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"Abby Franquemont’s Respect the Spindle book is responsible for getting me obsessed with drop spindling. Several years ago, I had tried to learn how to drop spindle, but I was better at dropping than spinning. I had lots of trouble coordinating the motions. Respect the Spindle is what made drop spindling “click” for me. Abby has clear explanations and photos of how to do every step in drop spindling, which is really helpful for a self taught spinner like myself. She covers drop and support spindles, and goes over any special techniques for particular types of spindles, like Akhas, Navajo, or Turkish spindles (my favorite). And I love any book with a section that explains the physics of spindles. This book has so much good information, it will help a wheel or spindle spinner improve, and probably convince you to try new spindles as well!" Kate Perry, Marketing Assistant
"You will definitely respect the craft of spinning yarn with the oldest, and most simple, method – a drop spindle. Abby definitely learned to respect, and love, drop spindling when her family moved to the rural Andes in
Thankfully, you only have to live up to your own standards of perfection. Abby has a lifetime of spindling experience. Before you know it, you will not only be comfortable with drop spindling but you will respect just how productive this simple, and wonderfully portable, tool can be as you make your own yarn.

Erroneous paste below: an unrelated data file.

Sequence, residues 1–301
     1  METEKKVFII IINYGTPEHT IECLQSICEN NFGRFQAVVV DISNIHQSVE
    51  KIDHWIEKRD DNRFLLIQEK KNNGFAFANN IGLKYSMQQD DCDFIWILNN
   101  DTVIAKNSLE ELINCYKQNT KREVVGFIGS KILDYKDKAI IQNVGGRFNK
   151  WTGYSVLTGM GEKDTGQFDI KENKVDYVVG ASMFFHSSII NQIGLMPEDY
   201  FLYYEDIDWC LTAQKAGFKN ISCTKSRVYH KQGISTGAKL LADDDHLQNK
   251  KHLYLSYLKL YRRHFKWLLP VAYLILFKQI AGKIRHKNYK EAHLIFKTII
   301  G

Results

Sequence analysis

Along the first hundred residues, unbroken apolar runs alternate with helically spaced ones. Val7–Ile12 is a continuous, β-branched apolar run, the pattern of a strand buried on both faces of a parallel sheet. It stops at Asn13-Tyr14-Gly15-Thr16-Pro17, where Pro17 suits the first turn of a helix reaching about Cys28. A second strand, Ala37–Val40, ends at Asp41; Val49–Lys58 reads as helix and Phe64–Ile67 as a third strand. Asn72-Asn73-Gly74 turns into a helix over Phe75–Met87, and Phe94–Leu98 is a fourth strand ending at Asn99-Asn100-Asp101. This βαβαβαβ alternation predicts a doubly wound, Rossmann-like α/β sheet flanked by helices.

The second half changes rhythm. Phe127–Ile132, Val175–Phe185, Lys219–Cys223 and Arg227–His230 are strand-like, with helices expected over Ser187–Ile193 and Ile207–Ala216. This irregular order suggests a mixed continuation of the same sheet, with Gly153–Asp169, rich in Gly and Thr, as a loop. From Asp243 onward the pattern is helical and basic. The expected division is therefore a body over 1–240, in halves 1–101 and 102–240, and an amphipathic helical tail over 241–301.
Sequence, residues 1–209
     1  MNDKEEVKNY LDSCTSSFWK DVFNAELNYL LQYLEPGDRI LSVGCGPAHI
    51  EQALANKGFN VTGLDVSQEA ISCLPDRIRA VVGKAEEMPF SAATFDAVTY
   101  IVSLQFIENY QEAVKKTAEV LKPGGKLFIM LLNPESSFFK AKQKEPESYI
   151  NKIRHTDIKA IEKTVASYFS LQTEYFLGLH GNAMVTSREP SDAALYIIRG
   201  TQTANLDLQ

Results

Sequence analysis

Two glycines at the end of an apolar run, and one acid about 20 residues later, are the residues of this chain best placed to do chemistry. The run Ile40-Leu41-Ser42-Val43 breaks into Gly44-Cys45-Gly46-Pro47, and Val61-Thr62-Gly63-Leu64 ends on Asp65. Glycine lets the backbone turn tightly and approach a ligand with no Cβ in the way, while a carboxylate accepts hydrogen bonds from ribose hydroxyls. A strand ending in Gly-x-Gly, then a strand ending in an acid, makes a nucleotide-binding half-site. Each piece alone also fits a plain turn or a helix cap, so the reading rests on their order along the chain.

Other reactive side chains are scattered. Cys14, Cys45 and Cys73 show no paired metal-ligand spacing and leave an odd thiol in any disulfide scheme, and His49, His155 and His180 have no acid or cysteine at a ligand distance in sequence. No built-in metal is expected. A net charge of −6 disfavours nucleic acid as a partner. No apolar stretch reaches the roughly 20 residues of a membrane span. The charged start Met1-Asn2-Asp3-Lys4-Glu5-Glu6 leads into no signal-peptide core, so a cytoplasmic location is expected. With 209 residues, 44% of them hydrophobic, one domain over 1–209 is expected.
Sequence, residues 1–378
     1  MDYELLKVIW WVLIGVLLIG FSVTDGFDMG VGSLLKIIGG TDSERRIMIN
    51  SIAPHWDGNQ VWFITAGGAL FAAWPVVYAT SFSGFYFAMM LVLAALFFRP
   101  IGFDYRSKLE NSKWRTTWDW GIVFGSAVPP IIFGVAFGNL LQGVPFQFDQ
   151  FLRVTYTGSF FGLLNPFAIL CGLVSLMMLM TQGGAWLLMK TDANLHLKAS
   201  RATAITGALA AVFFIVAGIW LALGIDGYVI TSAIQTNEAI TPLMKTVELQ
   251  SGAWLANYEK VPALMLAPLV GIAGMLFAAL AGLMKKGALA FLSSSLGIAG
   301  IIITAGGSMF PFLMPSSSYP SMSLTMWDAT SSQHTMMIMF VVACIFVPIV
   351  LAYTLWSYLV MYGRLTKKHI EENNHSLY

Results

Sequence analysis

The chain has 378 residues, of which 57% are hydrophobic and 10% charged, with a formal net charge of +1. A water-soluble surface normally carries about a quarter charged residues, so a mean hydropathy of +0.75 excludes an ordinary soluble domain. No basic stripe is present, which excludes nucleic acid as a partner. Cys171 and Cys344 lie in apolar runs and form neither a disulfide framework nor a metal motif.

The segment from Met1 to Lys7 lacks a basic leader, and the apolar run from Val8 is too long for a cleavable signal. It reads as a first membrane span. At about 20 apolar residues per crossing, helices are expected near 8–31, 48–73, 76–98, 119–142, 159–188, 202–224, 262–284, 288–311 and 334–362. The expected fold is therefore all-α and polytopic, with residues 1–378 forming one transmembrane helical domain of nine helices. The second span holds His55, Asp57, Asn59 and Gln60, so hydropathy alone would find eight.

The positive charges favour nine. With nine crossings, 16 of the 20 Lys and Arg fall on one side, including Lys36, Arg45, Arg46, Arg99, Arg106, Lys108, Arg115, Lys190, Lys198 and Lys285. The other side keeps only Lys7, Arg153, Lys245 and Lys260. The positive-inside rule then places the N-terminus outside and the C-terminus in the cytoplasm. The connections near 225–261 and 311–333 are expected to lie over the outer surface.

Portability is the key to Abby’s assertion that drop spindling is much more than a transition to “real” spinning using a spinning wheel. The most convincing argument is that taking a spindle out for a few “found” moments of spinning is easier than even the most straight forward portable knitting project. Take out a spindle and spin. Take out a knitting project, detangle the yarn, get the needles ready, check your pattern and then start knitting. And, there’s something about a spinning wheel that makes you feel like you need to have a good “chunk” of time in order to sit down and spin. The result is that days, weeks and maybe months go by without ever actually spinning. A popular saying among drop spindlers is “less yards by the hour, more yards by the day”. Think about it, handspun yarn just waiting for you to enjoy making during those odd moments of every day." Kelley Petkun, Owner
"Respect the Spindle" is reviewed in podcast episode 129.
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